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Cognitive profile

Juliane Mundorf, Mirka Uhlirova
Drosophila melanogaster has emerged as a powerful experimental system for functional and mechanistic studies of tumor development and progression in the context of a whole organism. Sophisticated techniques to generate genetic mosaics facilitate induction of visually marked, genetically defined clones surrounded by normal tissue. The clones can be analyzed through diverse molecular, cellular and omics approaches. This study describes how to generate fluorescently labeled clonal tumors of varying malignancy in the eye/antennal imaginal discs (EAD) of Drosophila larvae using the Mosaic Analysis with a Repressible Cell Marker (MARCM) technique...
October 6, 2016: Journal of Visualized Experiments: JoVE
Jeffrey Cummings, Philip Scheltens, Ian McKeith, Rafael Blesa, John E Harrison, Paulo H F Bertolucci, Kenneth Rockwood, David Wilkinson, Wouter Wijker, David A Bennett, Raj C Shah
BACKGROUND: Souvenaid® (uridine monophosphate, docosahexaenoic acid, eicosapentaenoic acid, choline, phospholipids, folic acid, vitamins B12, B6, C, and E, and selenium), was developed to support the formation and function of neuronal membranes. OBJECTIVE: To determine effect sizes observed in clinical trials of Souvenaid and to calculate the number needed to treat to show benefit or harm. METHODS: Data from all three reported randomized controlled trials of Souvenaid in Alzheimer's disease (AD) dementia (Souvenir I, Souvenir II, and S-Connect) and an open-label extension study were included in analyses of effect size for cognitive, functional, and behavioral outcomes...
October 20, 2016: Journal of Alzheimer's Disease: JAD
Nicole Mons, Daniel Beracochea
A prime mechanism that contributes to the development and maintenance of alcoholism is the dysregulation of the hypothalamic-pituitary-adrenal axis activity and the release of glucocorticoids (cortisol in humans and primates, corticosterone in rodents) from the adrenal glands. In the brain, sustained, local elevation of glucocorticoid concentration even long after cessation of chronic alcohol consumption compromises functional integrity of a circuit, including the prefrontal cortex (PFC), the hippocampus (HPC), and the amygdala (AMG)...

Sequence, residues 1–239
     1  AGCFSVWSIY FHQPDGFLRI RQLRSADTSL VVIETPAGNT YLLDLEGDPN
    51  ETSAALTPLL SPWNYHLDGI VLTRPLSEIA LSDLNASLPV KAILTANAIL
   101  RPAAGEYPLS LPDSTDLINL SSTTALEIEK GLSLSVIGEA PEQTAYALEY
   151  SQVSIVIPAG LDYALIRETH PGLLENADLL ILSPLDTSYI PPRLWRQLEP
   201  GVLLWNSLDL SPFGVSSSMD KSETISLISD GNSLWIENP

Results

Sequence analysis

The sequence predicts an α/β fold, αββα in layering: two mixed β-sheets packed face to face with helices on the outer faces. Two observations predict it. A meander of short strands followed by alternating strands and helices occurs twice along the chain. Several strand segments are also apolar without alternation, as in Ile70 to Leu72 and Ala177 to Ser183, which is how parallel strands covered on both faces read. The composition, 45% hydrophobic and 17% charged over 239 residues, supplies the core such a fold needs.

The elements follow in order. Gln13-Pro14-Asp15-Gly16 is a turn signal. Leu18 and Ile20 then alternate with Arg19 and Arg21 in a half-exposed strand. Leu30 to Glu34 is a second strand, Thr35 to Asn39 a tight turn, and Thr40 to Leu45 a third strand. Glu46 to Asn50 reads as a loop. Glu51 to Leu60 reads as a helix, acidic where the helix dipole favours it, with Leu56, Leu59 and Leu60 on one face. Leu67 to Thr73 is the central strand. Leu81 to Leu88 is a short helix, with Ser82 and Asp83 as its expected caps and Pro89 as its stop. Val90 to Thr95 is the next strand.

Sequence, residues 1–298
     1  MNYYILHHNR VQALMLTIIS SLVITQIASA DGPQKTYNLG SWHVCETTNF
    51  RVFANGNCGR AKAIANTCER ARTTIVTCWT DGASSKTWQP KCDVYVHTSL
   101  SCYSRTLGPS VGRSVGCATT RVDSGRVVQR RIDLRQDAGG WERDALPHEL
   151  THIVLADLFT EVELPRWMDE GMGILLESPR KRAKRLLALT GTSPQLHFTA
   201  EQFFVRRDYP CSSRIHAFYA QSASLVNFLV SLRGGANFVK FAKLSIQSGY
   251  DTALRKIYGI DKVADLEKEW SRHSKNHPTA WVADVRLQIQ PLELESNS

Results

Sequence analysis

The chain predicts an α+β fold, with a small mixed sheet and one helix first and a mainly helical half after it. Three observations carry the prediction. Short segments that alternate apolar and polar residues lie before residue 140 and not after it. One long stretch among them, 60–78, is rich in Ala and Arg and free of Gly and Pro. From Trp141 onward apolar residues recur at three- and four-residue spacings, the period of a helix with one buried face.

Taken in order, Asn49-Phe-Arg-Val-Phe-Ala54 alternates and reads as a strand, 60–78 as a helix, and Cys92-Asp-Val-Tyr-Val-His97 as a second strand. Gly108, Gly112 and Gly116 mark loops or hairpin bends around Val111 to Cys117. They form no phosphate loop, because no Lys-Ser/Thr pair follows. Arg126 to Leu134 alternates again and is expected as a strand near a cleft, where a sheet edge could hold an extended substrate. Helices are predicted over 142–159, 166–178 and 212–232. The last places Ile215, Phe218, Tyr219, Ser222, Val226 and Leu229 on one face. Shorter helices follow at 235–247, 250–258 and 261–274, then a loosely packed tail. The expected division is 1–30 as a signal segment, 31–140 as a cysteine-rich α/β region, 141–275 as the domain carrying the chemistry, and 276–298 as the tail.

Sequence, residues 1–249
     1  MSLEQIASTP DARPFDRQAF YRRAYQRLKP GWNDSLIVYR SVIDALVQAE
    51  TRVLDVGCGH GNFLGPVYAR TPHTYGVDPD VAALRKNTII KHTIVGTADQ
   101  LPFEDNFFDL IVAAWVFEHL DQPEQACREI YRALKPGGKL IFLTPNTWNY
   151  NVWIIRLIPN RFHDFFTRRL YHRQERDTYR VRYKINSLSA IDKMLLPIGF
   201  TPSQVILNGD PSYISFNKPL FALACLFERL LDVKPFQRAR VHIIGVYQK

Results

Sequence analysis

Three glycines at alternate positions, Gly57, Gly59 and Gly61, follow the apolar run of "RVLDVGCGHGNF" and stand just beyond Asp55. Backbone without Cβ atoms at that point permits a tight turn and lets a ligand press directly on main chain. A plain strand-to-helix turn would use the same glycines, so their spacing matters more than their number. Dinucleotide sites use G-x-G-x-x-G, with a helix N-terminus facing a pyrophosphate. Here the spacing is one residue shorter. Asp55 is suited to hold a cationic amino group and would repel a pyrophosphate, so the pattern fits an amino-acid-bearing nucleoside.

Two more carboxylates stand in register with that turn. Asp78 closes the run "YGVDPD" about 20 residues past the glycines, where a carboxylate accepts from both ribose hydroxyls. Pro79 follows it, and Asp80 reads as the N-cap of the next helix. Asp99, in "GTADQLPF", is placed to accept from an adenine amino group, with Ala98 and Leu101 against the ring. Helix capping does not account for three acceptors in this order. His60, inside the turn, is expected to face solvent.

2016: Frontiers in Psychiatry
Vera Dinkelacker, Sophie Dupont, Séverine Samson
The new classification of epilepsy stratifies the disease into an acute level, based on seizures, and an overarching chronic level of epileptic syndromes (Berg et al., 2010). In this new approach, seizures are considered either to originate and evolve in unilateral networks or to rapidly encompass both hemispheres. This concept extends the former vision of focal and generalized epilepsies to a genuine pathology of underlying networks. These key aspects of the new classification can be linked to the concept of cognitive curtailing in focal epilepsy...
October 17, 2016: Epilepsy & Behavior: E&B
Kris M Jamsen, Danijela Gnjidic, Sarah N Hilmer, Jenni Ilomäki, David G Le Couteur, Fiona M Blyth, David J Handelsman, Vasi Naganathan, Louise M Waite, Robert G Cumming, J Simon Bell
OBJECTIVE: Anticholinergic and sedative medications are associated with acute cognitive impairment but the long-term impact on change in cognition is unclear. This study investigated the effect of anticholinergic and sedative medications, quantified using the Drug Burden Index (DBI), on change in cognition over time in community-dwelling older men. METHODS: This was a prospective cohort study of men aged ≥70 years in Sydney, Australia. DBI was assessed at baseline, two and five years...
October 20, 2016: Annals of Medicine
Emily C Edmonds, Joel Eppig, Mark W Bondi, Kelly M Leyden, Bailey Goodwin, Lisa Delano-Wood, Carrie R McDonald